What is Petroleum reservoir and how does it stores oil?

The natural subsurface reservoir is a container of oil, gas, and water where they can move, and its shape is determined by the relationship between the reservoir rock and its surrounding poorly permeable rocks. The subsurface reservoir as only that part of the reservoir rocks where the oil and natural gas can form an accumulation. The natural reservoir remains as such regardless of the type of the contained fluids, or even if it is dry. A comparison can be made with the overpressure. The presence of fluids is necessary for the overpressure. No fluids of different densities, no surplus pressure. As for the reservoirs, they possess two important attributes: spatial limitation (which determines the volume and boundaries of the reservoir), and an internal structure that defines the type and nature of inter-reservoir migration. Indeed, these properties should be included in any definition of the reservoir as well as in the classifications being developed. Some attempts have been made to classify the oil and gas reservoirs on the basis of their relative size (local, zonal, basin-wide, regional, etc.) or their absolute size. 
Three types of reservoir limitations can be identified: reservoir roof lateral, and reservoir base. The reservoir roof (top) may cover the reservoir 
  1. In normal stratigraphic succession. 
  2. With some depositional hiatus. 
  3. May change its age along the strike.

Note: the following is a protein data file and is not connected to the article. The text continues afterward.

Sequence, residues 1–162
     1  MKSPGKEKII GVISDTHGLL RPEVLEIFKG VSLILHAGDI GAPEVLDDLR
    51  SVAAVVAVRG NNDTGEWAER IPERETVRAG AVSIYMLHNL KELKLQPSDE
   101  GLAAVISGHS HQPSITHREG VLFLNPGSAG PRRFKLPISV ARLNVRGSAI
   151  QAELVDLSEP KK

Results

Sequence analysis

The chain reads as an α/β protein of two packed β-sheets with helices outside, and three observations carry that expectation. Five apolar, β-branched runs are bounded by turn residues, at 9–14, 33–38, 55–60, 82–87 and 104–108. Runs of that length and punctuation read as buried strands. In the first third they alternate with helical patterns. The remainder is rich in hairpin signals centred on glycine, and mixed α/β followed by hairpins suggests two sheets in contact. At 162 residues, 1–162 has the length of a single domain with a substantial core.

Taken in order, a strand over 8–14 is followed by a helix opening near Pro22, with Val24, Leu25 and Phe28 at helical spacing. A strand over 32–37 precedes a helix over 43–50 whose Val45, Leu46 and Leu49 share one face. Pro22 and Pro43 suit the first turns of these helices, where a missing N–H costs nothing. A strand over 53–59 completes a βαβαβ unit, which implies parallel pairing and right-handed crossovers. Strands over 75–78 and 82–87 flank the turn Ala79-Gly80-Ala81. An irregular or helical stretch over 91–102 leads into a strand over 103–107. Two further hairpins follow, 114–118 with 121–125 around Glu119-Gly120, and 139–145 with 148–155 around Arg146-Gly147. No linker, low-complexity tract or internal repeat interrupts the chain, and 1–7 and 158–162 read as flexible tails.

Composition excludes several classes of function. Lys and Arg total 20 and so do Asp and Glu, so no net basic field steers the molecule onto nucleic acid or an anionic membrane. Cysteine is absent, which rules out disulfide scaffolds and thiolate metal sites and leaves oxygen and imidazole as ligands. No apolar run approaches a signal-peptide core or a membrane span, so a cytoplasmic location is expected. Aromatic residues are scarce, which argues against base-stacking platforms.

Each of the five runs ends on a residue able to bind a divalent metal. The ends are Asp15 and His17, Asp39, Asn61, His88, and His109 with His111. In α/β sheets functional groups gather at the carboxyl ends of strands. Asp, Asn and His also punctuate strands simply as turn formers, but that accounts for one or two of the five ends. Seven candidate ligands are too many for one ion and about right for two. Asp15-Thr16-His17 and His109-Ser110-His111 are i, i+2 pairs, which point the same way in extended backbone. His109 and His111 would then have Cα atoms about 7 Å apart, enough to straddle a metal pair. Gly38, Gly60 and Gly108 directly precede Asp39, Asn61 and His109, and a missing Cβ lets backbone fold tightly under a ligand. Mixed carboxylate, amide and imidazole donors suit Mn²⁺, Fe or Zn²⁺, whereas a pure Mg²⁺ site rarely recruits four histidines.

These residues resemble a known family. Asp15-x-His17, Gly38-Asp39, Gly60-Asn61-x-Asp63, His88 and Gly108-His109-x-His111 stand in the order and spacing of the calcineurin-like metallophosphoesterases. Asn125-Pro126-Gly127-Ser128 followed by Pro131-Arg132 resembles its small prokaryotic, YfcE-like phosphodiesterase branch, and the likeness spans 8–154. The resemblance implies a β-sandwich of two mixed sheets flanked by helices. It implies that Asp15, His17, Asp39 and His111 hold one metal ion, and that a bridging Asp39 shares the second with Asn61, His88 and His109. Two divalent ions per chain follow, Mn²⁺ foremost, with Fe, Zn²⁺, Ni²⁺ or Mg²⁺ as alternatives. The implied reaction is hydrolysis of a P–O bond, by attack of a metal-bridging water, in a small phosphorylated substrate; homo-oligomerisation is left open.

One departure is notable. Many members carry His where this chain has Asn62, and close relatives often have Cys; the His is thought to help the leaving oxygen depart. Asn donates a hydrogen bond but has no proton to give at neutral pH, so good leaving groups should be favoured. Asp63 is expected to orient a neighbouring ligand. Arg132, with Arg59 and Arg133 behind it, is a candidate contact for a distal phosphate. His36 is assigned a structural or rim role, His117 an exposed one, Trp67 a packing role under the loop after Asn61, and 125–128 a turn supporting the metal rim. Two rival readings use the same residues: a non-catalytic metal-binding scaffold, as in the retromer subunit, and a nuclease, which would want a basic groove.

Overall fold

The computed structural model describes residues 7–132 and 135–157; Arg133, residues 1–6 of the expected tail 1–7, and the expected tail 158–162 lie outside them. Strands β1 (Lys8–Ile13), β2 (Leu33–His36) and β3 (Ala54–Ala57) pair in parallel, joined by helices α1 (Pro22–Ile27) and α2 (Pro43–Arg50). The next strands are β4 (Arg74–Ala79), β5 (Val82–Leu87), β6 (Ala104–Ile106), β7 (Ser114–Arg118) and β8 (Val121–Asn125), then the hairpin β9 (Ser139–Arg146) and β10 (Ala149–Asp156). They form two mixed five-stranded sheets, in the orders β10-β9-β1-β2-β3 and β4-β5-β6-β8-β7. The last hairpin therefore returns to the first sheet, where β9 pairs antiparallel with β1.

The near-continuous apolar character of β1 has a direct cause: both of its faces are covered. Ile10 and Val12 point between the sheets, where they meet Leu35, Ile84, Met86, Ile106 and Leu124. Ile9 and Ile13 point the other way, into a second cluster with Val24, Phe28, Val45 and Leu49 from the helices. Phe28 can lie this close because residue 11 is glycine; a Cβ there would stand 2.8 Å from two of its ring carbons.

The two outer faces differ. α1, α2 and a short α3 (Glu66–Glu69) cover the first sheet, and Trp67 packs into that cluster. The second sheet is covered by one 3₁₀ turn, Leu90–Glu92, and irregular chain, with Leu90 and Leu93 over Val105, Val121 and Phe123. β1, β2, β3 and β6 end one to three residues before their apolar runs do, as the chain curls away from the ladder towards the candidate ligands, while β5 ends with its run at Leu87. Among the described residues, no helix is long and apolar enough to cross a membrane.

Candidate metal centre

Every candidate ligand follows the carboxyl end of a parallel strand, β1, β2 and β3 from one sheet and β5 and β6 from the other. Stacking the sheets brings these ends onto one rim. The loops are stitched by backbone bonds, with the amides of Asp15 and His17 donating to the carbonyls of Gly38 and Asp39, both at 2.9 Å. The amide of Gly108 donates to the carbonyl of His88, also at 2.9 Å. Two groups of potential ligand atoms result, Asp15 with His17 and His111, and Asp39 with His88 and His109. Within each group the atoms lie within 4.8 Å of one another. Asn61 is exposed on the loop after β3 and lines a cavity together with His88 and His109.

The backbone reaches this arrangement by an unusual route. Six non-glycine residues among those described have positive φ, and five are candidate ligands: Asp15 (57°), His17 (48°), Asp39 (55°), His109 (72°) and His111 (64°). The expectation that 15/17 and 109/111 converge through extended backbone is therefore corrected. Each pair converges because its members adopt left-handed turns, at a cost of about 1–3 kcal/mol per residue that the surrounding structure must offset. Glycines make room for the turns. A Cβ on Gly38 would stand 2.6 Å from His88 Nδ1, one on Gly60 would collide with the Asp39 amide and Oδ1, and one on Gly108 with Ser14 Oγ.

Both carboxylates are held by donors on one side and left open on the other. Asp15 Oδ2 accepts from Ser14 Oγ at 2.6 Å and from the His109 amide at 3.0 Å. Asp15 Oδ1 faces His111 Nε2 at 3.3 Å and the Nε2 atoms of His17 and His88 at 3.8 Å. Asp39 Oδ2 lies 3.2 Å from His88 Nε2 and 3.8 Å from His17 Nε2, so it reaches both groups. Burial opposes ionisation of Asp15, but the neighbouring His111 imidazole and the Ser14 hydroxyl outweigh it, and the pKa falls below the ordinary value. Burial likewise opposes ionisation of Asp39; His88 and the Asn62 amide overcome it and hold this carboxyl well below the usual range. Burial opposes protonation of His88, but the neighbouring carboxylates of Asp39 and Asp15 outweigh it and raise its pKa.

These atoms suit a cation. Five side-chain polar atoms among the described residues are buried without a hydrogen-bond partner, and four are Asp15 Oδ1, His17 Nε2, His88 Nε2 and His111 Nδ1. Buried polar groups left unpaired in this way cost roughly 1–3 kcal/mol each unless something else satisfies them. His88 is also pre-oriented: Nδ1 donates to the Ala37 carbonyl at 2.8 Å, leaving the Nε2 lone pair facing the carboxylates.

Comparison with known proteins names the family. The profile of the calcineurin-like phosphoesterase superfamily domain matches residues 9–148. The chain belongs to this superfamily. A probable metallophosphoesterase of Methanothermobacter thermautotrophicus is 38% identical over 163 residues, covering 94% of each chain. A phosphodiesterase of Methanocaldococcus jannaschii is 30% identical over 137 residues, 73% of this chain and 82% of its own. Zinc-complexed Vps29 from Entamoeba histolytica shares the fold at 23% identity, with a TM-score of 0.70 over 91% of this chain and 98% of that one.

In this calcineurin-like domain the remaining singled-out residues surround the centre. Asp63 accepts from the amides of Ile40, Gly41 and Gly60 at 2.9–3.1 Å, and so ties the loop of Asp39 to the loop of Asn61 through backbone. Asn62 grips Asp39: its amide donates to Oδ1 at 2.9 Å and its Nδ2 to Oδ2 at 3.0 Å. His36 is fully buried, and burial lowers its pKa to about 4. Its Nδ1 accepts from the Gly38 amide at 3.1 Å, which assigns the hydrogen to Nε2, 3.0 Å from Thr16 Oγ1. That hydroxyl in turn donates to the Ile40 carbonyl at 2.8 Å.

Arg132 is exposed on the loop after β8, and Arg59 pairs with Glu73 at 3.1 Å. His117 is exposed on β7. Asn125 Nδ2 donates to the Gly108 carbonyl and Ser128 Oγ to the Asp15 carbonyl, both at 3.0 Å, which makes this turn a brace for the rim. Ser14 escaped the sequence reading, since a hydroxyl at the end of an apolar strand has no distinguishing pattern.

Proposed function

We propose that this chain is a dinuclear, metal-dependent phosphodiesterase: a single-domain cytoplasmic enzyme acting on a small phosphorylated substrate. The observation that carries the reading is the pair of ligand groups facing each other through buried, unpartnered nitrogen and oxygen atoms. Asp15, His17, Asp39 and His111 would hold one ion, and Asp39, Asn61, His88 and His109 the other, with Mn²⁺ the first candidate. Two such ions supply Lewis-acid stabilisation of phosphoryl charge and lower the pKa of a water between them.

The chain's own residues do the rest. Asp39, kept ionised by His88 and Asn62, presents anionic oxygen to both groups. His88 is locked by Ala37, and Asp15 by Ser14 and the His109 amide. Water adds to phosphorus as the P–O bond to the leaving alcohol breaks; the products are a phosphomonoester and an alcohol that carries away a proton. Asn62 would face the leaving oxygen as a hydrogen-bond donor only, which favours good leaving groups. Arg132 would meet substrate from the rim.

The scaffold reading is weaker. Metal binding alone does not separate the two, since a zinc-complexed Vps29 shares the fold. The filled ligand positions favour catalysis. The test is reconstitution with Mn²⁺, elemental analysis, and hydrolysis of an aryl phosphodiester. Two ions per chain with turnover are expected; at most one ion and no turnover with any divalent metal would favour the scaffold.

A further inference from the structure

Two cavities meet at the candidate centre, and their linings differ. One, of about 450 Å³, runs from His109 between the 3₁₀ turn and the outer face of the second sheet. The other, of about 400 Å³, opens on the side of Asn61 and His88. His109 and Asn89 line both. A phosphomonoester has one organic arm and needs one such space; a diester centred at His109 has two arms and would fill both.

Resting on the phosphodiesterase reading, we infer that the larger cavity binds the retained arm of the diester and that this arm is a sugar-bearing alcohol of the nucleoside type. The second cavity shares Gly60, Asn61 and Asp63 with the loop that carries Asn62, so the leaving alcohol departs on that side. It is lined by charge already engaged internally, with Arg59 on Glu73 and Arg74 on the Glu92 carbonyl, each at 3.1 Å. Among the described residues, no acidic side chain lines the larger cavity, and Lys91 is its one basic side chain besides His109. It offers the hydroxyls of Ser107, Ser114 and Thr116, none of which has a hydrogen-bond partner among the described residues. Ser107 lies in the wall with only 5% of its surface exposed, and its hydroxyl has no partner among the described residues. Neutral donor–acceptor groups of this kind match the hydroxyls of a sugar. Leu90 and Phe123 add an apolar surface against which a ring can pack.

It is improbable but not impossible that a reservoir may be capped by the surface of an impermeable over-thrust. It should be kept in mind the selectivity toward different fluids by caprock and a possibility of its transformation into a reservoir rock during epigenesis. Consequently, it is always important to indicate the exact nature of the fluid. The transformation of the caprock into a reservoir rock results in either disappearance of the reservoir or its conversion into a new reservoir (if there is another caprock above). Lateral limitations are caused by lithologic alterations (including cementation) and the permeability. Small accumulations may be laterally limited by faults. This is possible, but not typical, for the larger reservoirs, because the fault zones in their evolution can become migration paths for various fluids (oil, water, or gas). Fault zones are actually "communication windows" with the other reservoirs. The importance of the presence of the base (bottom) as a necessary reservoir component was not always clearly recognized, because it was believed that the accumulations were formed exclusively by the buoyancy (Archimedes forces). One must always keep in mind that the reservoir is an inseparable part of the hydrodynamic system. This system may be open or with a restricted communication to the surface (artesian), or of "elision" type (with an inverse pattern of hydrostatic pressure). It is not possible for such energy system to exist without a base (bottom). Reservoir rock is a rock capable of containing oil and gas and yielding them during production. The reservoir rock is characterized by: rock type; permeability type (intergranular, fracture, and/or combination of the two); the total, intercommunicating, and effective porosity; specific surface area; wettability of rock (oil-wet versus water-wet); fracture type (width, etc.); and fracture distribution. Reservoir is a natural subsurface container for oil, gas, and water. Its existence is predicated on the relationships between the reservoir rock and associated poorly permeable rocks. Reservoir is characterized by reservoir-rock type, relationship with impermeable rocks, reservoir capacity, its hydrodynamic conditions, reservoir energy, and structure. Trap is part of the subsurface reservoir where an oil or gas accumulation can form and be preserved. Its parameters include the reservoir type, reservoir-rock type, conditions of its formation, structure, and capacity. In a special case where the reservoir is lithologically limited from all directions, its parameters may coincide with those of the trap (the entire reservoir is represented by a single trap).